Tying Staff Satisfaction to Increasing Your Bottom Line

Imagine knowing that by simply increasing the level of staff satisfaction in your company, you could increase revenues.

Connecting an increase in a company’s success to an upbeat, positive, energized workplace has been made by many business pundits over the years. But a study done in 2001 by Lyle Spencer for the Consortium for Research on Emotional Intelligence in Organizations found that "for every 1 percent improvement in the service climate, there’s a 2 percent increase in revenue.”

  For every 1 percent improvement in the service climate, there’s a 2 percent increase in revenue.
   

That little known fact catches the CEOs I work with off guard every time.

A client I was working with was very frustrated. His company had steadily increased profitability over the years then it hit a plateau and nothing he did worked. In his mind, the problem was a financial one and so the help he sought focused on his business design. When I started working with him, it became clear early on that his was a leadership competency issue.

This guy had as much empathy for his staff as a politician has for his opponent. In a word – zero.

His perception of his staff was fairly negative. He had not developed a strong vision for the company, had not articulated any values and took the attitude that people should be able to do the job they were hired for. Consistent communication, recognition of effort, providing feedback didn’t exist. And he didn’t see any reason why it should.

The importance of understanding how leadership competencies affect a leader’s ability to grow their business has been well documented. Studies support that the more emotionally aware a leader is, the more successful they will be.

The challenge? To become more self-aware requires a leader to want to seek the truth about how they come across as a leader. Those that test reality, assess themselves and allow others to assess them, have the greatest opportunity to change, grow and become a leader others want to follow.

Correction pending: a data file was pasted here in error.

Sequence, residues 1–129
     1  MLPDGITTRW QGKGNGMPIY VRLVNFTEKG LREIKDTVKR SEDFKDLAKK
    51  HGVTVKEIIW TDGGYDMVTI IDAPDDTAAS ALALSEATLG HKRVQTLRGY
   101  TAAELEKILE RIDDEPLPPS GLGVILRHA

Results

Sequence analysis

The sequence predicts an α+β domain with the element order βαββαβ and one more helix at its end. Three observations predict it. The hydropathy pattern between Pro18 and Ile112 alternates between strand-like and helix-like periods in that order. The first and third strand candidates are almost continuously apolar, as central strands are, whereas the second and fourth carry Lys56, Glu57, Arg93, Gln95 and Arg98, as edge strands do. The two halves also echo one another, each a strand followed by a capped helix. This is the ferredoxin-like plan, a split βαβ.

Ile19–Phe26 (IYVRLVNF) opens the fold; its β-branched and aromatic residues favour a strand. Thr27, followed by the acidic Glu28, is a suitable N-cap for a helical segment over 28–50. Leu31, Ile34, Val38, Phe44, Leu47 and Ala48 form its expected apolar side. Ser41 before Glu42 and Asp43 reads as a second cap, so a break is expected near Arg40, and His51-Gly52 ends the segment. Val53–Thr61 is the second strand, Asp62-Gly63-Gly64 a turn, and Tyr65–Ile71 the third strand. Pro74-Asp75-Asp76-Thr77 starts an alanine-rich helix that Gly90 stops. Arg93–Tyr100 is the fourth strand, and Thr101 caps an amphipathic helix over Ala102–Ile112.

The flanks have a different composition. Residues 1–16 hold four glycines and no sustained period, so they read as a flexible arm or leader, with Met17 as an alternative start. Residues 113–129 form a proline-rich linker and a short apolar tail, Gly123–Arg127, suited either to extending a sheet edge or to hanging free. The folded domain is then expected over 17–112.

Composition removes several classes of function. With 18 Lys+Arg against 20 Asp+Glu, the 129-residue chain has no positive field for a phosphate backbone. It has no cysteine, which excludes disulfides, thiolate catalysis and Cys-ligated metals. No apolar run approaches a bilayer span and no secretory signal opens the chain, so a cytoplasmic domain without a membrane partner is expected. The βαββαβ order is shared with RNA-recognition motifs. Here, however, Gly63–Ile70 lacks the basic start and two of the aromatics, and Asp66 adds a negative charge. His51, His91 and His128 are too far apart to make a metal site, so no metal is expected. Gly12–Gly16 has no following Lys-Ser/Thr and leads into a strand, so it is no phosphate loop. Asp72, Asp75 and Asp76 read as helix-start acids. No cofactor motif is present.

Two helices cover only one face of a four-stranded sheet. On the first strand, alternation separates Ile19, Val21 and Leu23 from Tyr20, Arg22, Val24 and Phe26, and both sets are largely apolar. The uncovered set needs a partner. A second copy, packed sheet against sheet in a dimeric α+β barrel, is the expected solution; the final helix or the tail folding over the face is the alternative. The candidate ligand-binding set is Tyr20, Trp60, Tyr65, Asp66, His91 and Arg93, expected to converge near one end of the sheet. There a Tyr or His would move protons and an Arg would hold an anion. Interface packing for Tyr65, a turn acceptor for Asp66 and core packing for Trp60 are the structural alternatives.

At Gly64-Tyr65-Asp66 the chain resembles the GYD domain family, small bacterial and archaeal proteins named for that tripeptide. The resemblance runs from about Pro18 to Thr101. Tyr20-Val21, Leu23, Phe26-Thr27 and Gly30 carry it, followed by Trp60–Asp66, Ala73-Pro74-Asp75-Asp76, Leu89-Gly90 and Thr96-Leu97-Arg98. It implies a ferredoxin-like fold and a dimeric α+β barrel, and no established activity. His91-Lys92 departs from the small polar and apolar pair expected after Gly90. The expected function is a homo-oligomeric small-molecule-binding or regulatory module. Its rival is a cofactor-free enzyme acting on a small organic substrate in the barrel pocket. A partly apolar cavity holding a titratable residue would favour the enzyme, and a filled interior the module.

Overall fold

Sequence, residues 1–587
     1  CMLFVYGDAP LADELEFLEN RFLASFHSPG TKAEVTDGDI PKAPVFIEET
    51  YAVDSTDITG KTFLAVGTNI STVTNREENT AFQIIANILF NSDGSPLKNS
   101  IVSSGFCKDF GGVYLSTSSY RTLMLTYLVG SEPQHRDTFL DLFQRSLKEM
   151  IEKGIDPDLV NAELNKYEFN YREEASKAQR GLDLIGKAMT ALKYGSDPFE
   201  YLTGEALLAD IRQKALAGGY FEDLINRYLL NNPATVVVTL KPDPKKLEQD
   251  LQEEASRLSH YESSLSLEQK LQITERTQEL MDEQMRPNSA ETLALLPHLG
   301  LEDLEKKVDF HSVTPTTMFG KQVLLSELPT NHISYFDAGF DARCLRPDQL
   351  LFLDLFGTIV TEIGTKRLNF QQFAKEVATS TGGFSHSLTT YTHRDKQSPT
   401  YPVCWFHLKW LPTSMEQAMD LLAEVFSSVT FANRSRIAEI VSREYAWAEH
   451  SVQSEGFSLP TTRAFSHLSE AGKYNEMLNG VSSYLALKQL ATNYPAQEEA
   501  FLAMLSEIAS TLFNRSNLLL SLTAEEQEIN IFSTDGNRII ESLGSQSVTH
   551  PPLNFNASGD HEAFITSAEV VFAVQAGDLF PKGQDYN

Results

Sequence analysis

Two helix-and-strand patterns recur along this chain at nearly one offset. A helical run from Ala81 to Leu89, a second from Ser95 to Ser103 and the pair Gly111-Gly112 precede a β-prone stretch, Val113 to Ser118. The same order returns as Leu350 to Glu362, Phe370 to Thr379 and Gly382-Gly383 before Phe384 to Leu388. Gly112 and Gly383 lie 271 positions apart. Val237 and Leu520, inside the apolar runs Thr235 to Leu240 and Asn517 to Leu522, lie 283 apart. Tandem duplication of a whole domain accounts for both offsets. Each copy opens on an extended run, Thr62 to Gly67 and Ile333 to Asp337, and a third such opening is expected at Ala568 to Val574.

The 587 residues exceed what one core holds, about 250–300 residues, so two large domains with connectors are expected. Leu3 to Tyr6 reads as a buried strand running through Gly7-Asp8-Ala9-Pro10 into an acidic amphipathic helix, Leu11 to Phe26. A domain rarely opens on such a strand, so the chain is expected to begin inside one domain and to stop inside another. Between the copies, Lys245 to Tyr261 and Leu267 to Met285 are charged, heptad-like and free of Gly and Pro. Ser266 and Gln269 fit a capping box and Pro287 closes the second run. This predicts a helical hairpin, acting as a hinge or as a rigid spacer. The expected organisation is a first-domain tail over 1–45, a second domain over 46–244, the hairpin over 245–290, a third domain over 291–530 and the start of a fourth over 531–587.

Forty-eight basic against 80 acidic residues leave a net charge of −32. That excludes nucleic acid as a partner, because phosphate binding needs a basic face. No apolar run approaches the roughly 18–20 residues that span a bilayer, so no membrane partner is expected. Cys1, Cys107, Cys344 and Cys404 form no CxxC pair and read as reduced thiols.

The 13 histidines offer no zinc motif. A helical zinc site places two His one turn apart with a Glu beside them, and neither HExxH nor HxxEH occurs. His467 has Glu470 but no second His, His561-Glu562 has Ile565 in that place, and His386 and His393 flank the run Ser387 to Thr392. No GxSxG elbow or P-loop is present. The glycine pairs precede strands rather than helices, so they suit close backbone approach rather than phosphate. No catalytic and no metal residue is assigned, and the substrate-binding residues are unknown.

Unfortunately, my client with the declining profits felt becoming more self-aware, exploring his own strengths and limits, guiding his company with a compelling vision wasn’t near as important as determining how to trim the fat in his organization by cutting back on staff. A company with already low morale now added fear to their water cooler talk and production slipped even further.

Another client refused to address the lagging performance of a new hire. Three months into this employee’s employment, the leader was going to let them go. She called me for advice. Pushed to admit she hadn’t had any difficult talks with this employee in the three months of their employ, she admitted to being terrified of conflict. Conflict management, another competency that you can learn, was not a competency this leader had mastered. Feel for this employee who heard a very difficult message for the first and last time, at least at this company.

A leader who brings a level of self-awareness to their leadership capabilities will be a more successful leader. Why? Because developing effective relationship management skills is a magnet to getting and keeping exceptional people. And the good news is that these leadership competencies are not innate talents, but learned abilities and each of these competencies have the ability to make leaders more effective.

The following competencies are from the book Primal Leadership by Daniel Goleman. A must read for any leader who wants to improve their bottom line.

How would you rate?

  • Emotional self-awareness: Reading one’s own emotions and recognizing their impact on others
  • Accurate self-assessment: Knowing one’s strengths and limits
  • Self-confidence: Having a sound sense of one’s self worth and capabilities
  • Emotional self-control: Keeping disruptive emotions and impulses under control
  • Transparency: Displaying honesty and integrity, trustworthiness
  • Adaptability: Flexibility in adapting to changing situations or overcoming obstacles
  • Achievement: The drive to improve performance to meet inner standards of excellence
  • Initiative: Readiness to act and seize opportunities
  • Optimism: Seeing the upside in events
  • Empathy: Sensing other’s emotions
  • Organizational awareness: Reading the currents at the organizational level
  • Service: Recognizing and meeting staff and customer needs
  • Inspirational leadership: Guiding and motivating with a compelling vision
  • Influence: Wielding a range of tactics for persuasion
  • Developing others: Bolstering others’ abilities through feedback
  • Change catalyst: Initiating, managing and leading in a new direction
  • Conflict management: Resolving disagreements
  • Teamwork and collaboration: Cooperation and team building

Our research supports the fact that a self-aware leader is a better leader. By understanding which competencies you are strong in and which ones need attention, you are setting your company on a path to success.

Are you ready to increase your service climate in order to increase your revenues?

 

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